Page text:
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Youth Mental Health

Help kids of all ages understand we're all in this together.
Indigenous activist Shania Pruden talks about the generational impact.
She wants to prioritize mental health education in schools.
We are lacking in all aspects of youth wellness, including everything from physical health and nutrition, to spiritual health and level of happiness.
It is clear that strenuous efforts need to be made to prevent mental illness as well as to cure it. And here, the universities need to look hard at themselves, and at their part in creating the problems they now seek to solve, for they exercise profound influence over the high school years of the students they admit.
Too short, too tall, flat, too skinny, too fat, too veiny, too short hair, way too long hair, too many piercings, boobs that are too big, too many pimples, too many freckles, too hairy, bad teeth, too much makeup, caked, ugly clothes, out of shape, bad at sports, fag. Here is just a taste of some of the things teens say to put their peers down.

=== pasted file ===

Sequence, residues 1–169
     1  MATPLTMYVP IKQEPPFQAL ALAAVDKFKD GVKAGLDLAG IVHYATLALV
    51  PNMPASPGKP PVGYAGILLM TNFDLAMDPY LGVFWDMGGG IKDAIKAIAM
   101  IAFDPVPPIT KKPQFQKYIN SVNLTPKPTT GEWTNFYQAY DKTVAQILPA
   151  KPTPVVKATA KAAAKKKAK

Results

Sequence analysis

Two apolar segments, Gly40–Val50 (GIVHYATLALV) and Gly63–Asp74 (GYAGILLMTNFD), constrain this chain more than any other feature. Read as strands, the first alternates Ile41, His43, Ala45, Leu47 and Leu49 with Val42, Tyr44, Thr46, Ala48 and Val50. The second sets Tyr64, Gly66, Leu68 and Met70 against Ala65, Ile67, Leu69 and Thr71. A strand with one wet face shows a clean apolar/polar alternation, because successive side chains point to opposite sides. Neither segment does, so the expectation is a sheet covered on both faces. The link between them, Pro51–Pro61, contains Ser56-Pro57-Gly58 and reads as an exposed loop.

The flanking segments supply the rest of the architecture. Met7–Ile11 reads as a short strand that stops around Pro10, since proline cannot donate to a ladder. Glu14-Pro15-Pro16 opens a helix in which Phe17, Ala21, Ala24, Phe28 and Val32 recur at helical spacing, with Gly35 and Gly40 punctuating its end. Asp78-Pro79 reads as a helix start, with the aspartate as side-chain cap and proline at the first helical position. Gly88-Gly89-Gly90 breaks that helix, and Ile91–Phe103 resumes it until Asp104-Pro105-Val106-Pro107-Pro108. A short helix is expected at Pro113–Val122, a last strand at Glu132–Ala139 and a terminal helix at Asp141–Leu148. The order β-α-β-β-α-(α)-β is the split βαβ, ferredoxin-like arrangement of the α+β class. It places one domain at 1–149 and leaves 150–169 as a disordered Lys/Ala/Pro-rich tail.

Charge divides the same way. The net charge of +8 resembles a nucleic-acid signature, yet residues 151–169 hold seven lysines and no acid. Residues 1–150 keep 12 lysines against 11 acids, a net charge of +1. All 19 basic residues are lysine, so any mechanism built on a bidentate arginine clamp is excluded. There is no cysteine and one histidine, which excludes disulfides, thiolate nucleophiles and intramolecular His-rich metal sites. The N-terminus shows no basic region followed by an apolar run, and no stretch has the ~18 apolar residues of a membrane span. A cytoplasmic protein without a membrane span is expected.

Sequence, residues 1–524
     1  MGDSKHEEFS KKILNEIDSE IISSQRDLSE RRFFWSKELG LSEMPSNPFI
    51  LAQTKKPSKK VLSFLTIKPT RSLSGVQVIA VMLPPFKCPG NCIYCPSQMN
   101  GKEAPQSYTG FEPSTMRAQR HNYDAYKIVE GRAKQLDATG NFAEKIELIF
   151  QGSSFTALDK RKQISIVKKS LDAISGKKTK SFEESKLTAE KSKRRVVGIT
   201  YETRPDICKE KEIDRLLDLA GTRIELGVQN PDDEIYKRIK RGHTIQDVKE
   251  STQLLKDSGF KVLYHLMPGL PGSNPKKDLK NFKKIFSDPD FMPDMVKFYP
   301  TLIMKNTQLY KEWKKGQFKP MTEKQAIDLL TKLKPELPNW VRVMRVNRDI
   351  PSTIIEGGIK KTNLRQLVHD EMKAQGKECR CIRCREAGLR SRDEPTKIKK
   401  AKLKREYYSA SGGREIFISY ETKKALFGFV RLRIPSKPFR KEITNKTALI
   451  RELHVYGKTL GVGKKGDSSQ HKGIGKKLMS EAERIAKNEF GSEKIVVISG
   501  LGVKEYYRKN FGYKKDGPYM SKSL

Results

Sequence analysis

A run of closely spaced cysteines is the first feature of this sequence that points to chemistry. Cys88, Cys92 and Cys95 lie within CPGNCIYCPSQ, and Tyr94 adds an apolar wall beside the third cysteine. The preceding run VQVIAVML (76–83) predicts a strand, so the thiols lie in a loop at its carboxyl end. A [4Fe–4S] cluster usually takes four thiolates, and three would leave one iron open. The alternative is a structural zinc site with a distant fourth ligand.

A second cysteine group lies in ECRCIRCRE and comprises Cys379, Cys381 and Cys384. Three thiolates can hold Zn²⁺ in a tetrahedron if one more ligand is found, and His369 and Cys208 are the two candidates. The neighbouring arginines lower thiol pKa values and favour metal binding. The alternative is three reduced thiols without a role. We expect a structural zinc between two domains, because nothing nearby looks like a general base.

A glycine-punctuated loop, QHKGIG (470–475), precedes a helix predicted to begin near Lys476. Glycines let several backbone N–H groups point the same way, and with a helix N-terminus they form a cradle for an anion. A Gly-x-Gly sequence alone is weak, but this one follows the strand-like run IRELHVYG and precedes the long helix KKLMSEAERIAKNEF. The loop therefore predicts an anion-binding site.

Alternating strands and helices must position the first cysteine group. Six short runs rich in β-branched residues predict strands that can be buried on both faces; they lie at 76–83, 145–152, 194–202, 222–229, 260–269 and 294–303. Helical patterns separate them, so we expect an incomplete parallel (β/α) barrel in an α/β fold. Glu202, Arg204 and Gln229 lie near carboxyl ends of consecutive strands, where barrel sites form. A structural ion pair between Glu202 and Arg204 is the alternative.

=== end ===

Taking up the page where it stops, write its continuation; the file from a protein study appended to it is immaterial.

The silence and the stigmas that surround mental health makes this place that much darker, and that much scarier. If we open up the conversation, we can ease the guilt and shame that comes with having a mental illness  --  it's as if battling with your own mind wasn't already hard enough.
There's a serious gap in the health-care system when it comes to treating patients with obsessive compulsive and related disorders. And limited knowledge is to blame. Most community doctors aren't fully informed on the ways to diagnose and treat OCD and related disorders, and patients are often going undiagnosed for years.
They'll reap so many benefits.